Of the mud and the enjoyments

Visit "Fingers in the mud", ceramic exhibition of Martha Jimenez (Holguin, 1948) opened in the gallery Raul Martinez of the Palace of the Second Cape from February fifteenth to the fifteenth of March, is to attend a meeting with hedonism of good law: twenty-two pieces of terracotta that enter us in the universe of the Cuban Negro through the fruitive savor of scenes, customs, instruments, ways, attitudes, furniture, to dig in the national "ajiaco", not with picturesque glimpses, but rather with the warm look of assumption.

The black women of Martha (as the exhibition gravitates, basically, about the female sex: the male appears only as an erotic complement, as a link of pleasure, for whose approval one works or suffers), with an exuberance worthy of Rubens and of the Cuban popular taste (back, breasts bulges, wide hips, tuned waistlines), oscillate from gossip to santeria, from flirting to coffee drink, from stew to jealousy, from preaching to grooming, and lead us to that environment of the solar, typical of a certain area of ??the poetry of Nicolas Guillen where we appreciate the "Cuban color" in all its magnitude: revelry and resignation, jokes and pathetism, lasciviousness and prudery, bustle and whisper, boastfulness and shyness , and another series of antinomic pairs characteristic of Cubanism.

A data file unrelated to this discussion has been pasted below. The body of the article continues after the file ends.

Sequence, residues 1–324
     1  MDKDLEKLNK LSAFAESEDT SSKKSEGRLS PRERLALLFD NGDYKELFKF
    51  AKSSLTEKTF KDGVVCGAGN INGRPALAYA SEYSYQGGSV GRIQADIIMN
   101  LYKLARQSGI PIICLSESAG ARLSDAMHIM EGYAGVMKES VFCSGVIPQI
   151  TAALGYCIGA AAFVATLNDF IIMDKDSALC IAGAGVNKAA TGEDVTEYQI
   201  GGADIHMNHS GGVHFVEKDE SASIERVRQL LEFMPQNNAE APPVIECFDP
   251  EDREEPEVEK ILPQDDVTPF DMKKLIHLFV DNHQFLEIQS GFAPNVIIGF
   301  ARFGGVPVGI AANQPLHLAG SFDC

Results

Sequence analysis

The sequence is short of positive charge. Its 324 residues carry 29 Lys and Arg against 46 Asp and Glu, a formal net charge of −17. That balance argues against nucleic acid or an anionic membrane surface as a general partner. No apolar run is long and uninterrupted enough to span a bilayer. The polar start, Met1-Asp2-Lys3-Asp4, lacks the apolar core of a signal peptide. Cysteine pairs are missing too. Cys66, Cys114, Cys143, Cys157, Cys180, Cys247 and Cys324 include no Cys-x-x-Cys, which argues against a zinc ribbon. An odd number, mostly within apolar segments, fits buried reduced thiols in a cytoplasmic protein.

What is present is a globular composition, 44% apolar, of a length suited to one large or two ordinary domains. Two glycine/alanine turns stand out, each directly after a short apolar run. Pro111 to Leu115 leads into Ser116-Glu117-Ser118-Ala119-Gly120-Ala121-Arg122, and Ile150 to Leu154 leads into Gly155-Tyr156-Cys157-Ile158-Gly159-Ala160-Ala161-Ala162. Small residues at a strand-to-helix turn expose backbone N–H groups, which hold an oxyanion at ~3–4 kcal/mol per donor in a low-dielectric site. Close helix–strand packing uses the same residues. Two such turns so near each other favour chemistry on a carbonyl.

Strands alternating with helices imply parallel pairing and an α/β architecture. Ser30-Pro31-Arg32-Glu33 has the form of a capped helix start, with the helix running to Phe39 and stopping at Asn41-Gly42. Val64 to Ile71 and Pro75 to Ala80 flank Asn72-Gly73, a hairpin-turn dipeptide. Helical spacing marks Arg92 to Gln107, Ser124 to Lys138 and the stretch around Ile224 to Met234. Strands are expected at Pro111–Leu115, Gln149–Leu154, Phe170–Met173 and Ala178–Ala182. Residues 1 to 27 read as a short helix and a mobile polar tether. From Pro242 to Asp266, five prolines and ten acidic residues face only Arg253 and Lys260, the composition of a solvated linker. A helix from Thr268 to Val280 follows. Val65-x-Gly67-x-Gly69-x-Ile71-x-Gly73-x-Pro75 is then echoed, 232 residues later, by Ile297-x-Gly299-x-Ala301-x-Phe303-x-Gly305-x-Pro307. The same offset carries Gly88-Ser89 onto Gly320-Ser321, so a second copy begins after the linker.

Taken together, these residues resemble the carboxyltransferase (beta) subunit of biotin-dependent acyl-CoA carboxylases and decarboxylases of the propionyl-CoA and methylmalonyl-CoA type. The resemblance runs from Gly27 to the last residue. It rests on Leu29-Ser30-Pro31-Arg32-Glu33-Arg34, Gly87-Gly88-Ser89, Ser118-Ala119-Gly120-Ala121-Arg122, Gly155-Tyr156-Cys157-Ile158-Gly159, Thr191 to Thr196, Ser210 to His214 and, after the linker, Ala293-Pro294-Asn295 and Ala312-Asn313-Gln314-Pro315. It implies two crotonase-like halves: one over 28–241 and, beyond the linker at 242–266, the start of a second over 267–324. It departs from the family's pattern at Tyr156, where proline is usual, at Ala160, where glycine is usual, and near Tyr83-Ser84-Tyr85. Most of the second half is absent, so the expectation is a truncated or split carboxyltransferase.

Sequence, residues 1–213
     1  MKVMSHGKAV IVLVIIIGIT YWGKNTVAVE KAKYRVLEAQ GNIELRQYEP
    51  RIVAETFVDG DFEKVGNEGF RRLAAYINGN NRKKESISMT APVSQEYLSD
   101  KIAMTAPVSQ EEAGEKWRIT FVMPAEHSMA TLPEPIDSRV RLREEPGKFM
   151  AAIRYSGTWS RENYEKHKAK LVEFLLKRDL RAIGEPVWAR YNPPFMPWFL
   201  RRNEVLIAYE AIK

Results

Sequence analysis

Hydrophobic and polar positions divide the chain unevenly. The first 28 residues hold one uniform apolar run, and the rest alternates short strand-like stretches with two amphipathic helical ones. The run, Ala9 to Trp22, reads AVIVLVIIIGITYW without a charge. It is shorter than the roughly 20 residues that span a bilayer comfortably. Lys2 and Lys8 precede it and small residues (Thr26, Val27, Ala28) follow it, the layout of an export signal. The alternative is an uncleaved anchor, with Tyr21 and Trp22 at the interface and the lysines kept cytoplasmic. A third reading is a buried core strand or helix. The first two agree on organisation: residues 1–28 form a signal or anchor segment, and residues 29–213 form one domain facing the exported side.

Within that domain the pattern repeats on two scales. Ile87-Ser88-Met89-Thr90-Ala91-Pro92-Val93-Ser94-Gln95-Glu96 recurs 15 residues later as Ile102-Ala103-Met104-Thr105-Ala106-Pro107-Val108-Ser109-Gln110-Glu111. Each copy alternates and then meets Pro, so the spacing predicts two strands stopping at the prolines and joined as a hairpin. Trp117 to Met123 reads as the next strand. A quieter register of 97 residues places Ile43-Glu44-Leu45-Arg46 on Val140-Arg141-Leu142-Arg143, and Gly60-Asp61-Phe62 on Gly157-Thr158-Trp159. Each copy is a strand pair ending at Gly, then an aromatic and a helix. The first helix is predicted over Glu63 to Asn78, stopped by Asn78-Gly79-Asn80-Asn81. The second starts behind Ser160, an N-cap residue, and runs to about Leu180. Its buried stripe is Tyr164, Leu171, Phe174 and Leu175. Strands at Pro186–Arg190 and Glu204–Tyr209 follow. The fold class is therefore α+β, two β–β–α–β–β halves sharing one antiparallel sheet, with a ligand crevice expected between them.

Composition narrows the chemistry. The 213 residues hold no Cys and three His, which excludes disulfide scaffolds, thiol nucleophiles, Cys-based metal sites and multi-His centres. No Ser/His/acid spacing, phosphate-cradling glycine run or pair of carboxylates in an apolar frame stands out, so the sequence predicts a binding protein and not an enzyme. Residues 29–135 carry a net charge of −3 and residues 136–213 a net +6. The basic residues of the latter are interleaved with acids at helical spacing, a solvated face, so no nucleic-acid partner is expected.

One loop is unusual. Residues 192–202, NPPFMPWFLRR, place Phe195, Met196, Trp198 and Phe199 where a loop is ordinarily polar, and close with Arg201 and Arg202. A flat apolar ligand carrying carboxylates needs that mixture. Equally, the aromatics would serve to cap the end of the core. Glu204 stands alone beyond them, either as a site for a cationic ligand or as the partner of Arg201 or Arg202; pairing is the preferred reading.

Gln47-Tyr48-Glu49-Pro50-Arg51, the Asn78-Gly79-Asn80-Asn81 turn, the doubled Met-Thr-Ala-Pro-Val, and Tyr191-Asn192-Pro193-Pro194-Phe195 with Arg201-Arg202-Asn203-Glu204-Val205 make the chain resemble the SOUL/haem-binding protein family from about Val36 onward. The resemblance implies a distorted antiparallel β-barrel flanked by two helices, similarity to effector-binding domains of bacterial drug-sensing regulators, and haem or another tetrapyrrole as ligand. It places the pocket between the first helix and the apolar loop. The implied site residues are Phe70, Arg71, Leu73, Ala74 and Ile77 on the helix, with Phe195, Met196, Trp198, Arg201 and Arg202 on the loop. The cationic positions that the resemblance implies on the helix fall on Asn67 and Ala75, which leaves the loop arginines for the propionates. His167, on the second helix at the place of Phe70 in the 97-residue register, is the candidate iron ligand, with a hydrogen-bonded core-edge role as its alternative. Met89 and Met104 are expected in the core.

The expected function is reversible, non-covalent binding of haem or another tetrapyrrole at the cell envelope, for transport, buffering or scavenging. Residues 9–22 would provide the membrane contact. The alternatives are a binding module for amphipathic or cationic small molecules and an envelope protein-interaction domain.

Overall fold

It is remarkable in this collection the author's interest in capturing the psychological features of her characters: the folds of the human soul in "Twins", the animosity against the absent victim professed by the "Gossipers", the masochism that has always involved -from the corset and the crinoline to the cold wave and the multiple earrings- the feminine aftertaste for the "Torture of beauty", or the fine game lustful, half mischievous and half innocent of the "Lovers."  It is also, the insistence on sitting her creatures on stools, with which she manages to affirm the Creolism and to give the compositions of a subjective breath to intimate talk, to a domestic space conducive to reflection, rest and, ultimately, customary rumination of life.

The workmanship, on the other hand, is excellent. Naturally colored by the use of raccoon and slip, Martha figures transcend the mercantile decorative framework of much of the pottery to use and approach -by its conceptual and formal weight- to a sort of sculpture in small format, reinforced so much by the baroque management of signs and symbols (reptiles, birds, utensils, nails, thongs, garments) as for the perfection of miniaturist with which she faces the solution of the physical, psychological and ornamental details of the pieces.

Hedonism, I repeat, that offers us the enjoyment after crossing the deep rivers of technique and idea, to leave seated (on stools, of course) that this woman not only puts her fingers in the mud, but also the precise force and faith with which authentic delusions are modeled.


Author: Jesus David Curbelo.

Los dedos en el barro, Palacio del Segundo Cabo, del 15 de febrero al 15 de marzo, 1997. Exposición de cerámicas de Martha Jiménez.